The change in gender from the neuter participle translated “what restrains” in verse 6 to the masculine participle rendered he who … restrains is significant. The sovereign, divine force that currently restrains the Antichrist is exerted by a person—the Holy Spirit (cf. John 14:26; 15:26; 16:13 where Jesus used a masculine pronoun with the neuter noun translated “Spirit”). Only He has the supernatural power to hold Satan in check.
He will continue His restraining work until the midpoint of the Tribulation. The removal of the Holy Spirit’s restraint therefore cannot be identified with the Rapture of the church, since that event takes place three and a half years earlier, before the Tribulation. Remember that the Holy Spirit needs to be present during the first half when the Gospel is preached by the 144,000 Jewish evangelists, the two witnesses and the flying angel.
The phrase taken out of the way must therefore not be interpreted to mean that the Holy Spirit will be removed from the world. That is impossible, since He is omnipresent. Nor could anyone be saved during the Tribulation (cf. Rev. 7:14) apart from His regenerating work (John 3:3–8; Titus 3:5). The phrase refers not to the removal of the Holy Spirit from the world, but rather to the cessation of His restraining work.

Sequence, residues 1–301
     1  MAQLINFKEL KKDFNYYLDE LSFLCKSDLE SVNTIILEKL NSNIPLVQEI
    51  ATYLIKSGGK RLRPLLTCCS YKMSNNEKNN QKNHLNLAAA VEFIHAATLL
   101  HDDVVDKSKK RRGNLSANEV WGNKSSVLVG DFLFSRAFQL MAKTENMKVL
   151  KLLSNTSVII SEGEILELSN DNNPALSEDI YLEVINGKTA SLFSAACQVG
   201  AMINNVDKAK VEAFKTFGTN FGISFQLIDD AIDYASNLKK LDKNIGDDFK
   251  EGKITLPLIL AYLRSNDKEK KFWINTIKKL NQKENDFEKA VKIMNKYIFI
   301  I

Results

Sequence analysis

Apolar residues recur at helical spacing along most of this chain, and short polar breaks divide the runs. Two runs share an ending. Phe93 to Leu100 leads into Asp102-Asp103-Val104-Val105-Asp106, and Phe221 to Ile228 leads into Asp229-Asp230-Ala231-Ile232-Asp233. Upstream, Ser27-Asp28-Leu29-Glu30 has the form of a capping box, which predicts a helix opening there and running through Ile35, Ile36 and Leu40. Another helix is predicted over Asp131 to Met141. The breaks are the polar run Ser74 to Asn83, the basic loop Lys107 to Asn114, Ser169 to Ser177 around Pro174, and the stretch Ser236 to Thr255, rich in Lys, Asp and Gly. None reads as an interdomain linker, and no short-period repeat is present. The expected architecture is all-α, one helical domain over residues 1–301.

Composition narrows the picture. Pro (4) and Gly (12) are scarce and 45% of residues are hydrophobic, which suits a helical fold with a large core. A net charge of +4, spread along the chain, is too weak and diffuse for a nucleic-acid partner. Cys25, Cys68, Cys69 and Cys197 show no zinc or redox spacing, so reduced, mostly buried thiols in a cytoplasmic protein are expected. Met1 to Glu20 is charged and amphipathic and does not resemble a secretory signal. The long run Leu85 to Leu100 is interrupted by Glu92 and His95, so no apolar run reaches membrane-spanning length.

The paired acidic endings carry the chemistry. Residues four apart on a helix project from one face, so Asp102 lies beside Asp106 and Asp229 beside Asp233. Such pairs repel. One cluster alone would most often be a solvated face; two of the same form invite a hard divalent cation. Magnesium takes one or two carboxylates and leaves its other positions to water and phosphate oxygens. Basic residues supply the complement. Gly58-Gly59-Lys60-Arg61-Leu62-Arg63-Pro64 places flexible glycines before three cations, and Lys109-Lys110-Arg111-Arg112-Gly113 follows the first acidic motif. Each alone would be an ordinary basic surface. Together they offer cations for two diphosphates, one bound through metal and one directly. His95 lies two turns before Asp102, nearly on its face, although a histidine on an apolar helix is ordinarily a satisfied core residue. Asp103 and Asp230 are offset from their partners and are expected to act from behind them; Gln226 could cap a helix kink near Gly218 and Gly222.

The Antichrist’s power and signs and false wonders will not only be deceptive tricks, like falsifying his own death and resurrection (Rev. 13:3, 12, 14; 17:8, 11), but also actual manifestations of Satan’s supernatural power. They will cause people to believe the lie that he is a divine being and worship him. John saw that the Antichrist’s deluded followers “worshiped the beast, saying, ‘Who is like the beast, and who is able to wage war with him?’” (Rev. 13:4; cf. vv. 12–15). Antichrist will mislead the world with all the deception … wickedness has at its disposal.
The Antichrist’s malevolent, deceptive, deadly influence will extend to all those who perish. Only God’s elect will not be taken in (Matt. 24:24). The unregenerate, being children of the arch-liar Satan (John 8:44), will inevitably fall for the lies of his emissary (cf. 1 Cor. 2:14; 2 Cor. 4:3–4). Through him, Satan will deceive the whole world (Rev. 12:9); all those who “[receive] the mark of the beast and those who [worship] his image” (Rev. 19:20; cf. 2 Cor. 4:4).
“because they did not receive the love of the truth so as to be saved. For this reason God will send upon them a deluding influence so that they will believe what is false, in order that they all may be judged who did not believe the truth, but took pleasure in wickedness.” (2 Thes. 2:10b–12)